I’ve always been prone to anxiety for as long as I can remember.

At the end of high school, the overriding sense of helplessness that comes with depression became very real for me.


I found myself in a cycle of anxiety and depression because the familiarity of high school was gone, and a lot of my friends had moved away for study or work.

At the start of university, I felt immense pressure to find new friends, adjust to a new way of learning and do well in my studies. My relationship at the time also broke down and I felt confused, worthless and alone.

For a year and a half, I struggled privately with how I was feeling. I became withdrawn at home and I would avoid my family as much as possible. I started to become suspicious of how I was feeling – something started to feel like it wasn’t right but I didn’t get help straight away because I felt the weight of the stigma.

When things got really bad I started engaging in self-harming behaviours. My close friends noticed I wasn’t doing well but I refused to get help and had plenty of excuses as to why I did not need it. My friends didn’t stop urging me to get help, so I eventually gave in and saw a doctor. My doctor referred me to a psychologist.

I was 21 years old when I was diagnosed with depression. When I first received the diagnosis, I felt offended because I thought that it reflected a personal weakness. However, there was a part of me that also felt relieved because you can’t address a problem without knowing the cause – and now I know the cause.

What made seeking help so hard for me was that I was misinformed about mental illnesses and could feel a lot of the stigma around it. I thought you had to have experience something traumatic to justify being sick, so I felt very guilty for being unwell because my life was objectively very good.

Ultimately, seeking help and getting the diagnosis was the best thing I’ve ever done for my mental health.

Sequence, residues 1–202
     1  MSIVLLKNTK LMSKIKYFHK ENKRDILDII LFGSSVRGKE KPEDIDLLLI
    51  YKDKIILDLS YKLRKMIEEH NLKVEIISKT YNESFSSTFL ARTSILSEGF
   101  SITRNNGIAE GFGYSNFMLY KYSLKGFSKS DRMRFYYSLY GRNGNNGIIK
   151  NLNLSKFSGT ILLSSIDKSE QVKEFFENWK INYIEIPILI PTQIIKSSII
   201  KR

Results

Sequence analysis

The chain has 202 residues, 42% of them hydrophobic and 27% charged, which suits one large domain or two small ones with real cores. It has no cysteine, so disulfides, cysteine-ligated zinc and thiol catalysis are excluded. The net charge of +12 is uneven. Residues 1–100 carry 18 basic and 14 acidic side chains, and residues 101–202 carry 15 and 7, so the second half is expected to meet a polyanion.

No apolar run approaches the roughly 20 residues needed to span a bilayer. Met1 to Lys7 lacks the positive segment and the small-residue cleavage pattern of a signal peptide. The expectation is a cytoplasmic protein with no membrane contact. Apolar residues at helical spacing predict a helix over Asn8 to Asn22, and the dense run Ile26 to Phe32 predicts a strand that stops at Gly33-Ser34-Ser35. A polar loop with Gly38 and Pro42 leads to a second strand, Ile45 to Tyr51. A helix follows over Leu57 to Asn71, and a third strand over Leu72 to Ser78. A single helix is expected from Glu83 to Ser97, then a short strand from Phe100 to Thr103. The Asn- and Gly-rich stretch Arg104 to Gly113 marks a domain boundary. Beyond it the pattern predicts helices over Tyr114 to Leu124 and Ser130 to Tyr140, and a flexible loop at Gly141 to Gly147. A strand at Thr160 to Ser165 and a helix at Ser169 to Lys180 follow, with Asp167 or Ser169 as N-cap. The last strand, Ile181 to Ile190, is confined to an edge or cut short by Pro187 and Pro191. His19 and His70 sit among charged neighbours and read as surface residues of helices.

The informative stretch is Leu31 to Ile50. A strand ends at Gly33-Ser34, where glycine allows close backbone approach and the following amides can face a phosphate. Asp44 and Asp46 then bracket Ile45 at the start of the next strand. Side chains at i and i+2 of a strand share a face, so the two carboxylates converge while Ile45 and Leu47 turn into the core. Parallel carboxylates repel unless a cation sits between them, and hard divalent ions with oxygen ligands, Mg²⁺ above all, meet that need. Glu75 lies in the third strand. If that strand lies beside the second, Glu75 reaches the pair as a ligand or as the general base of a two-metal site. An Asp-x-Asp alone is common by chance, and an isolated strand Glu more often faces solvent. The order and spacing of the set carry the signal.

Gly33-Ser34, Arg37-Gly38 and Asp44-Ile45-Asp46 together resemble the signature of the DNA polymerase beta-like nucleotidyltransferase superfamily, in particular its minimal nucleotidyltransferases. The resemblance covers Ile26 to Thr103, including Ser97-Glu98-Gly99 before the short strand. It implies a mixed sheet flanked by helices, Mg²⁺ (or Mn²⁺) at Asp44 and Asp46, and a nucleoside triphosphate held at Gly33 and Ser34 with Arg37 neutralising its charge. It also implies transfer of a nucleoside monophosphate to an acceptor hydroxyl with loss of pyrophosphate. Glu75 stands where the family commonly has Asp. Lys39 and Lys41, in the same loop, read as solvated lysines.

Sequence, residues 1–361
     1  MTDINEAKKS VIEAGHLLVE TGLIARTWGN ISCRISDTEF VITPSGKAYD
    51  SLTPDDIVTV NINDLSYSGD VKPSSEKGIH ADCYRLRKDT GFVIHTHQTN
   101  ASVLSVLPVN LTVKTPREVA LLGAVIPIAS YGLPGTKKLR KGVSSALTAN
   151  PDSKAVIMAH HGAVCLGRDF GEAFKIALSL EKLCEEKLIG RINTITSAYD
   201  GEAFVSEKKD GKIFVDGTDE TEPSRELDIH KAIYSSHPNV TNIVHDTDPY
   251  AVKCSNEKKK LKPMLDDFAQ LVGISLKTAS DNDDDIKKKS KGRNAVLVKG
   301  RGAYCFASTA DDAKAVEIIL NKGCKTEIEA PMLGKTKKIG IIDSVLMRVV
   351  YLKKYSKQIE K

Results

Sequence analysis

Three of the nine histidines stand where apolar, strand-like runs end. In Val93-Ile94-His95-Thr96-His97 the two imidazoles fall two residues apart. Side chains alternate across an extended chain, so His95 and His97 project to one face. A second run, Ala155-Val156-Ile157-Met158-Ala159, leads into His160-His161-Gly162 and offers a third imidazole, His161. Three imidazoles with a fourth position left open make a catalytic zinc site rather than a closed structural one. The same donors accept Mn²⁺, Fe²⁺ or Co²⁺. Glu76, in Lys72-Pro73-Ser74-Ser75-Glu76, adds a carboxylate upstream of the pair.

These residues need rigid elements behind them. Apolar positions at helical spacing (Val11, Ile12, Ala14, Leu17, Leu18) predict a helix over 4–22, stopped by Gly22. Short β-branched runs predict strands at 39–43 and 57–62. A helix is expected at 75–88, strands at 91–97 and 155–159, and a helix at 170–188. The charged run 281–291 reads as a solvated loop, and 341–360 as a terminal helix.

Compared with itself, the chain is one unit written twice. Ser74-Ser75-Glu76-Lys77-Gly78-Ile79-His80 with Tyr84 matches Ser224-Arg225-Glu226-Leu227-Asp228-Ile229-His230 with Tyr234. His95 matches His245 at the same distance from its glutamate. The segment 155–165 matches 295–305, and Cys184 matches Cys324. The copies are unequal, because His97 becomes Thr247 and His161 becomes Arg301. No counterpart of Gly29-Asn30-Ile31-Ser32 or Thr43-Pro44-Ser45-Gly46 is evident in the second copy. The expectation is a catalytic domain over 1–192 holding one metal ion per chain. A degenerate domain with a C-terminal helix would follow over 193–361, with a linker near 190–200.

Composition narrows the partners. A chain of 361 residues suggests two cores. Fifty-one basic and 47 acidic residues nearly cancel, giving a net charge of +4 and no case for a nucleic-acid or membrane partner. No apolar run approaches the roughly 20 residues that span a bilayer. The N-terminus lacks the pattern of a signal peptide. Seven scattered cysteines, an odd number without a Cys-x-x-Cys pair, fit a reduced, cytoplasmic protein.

I really had to overcome my belief that feeling unwell meant I was weak. I now know that traumatic circumstances are only one possible cause of depression. Things like your genetics, or stress, can also be causes. I’ve also learnt that you don’t have to justify having depression. Many people have it and it can be treated. There is no shame in needing help.

I do a lot of things to stay well now, including cognitive therapy techniques and breathing exercises, which have helped me with anxiety and panic attacks. Breathing exercises may sound simple, but they have helped me so much. I don’t like to exercise but I try to do it often because it is beneficial to my body and mind.

Another thing I find really helpful is talking to people about my experiences. It always makes me feel less alone. Through volunteering with the Black Dog Institute as a presenter, I’ve been able to share my story with many people.

I’ve been involved with Black Dog as a volunteer since 2014, when I was still at university. I have since graduated and now work as a lawyer. I started in my role as a Youth Presenter but more recently, I have been speaking to companies and businesses who promote mental wellbeing in their work environments.

Being a volunteer has given me a sense of purpose and community. I find the experience empowering and I feel like I’m making a difference. In my presentations, I am always conscious to emphasise two things: there is help available if you seek it, and no one is alone.

If you or anyone you know needs help: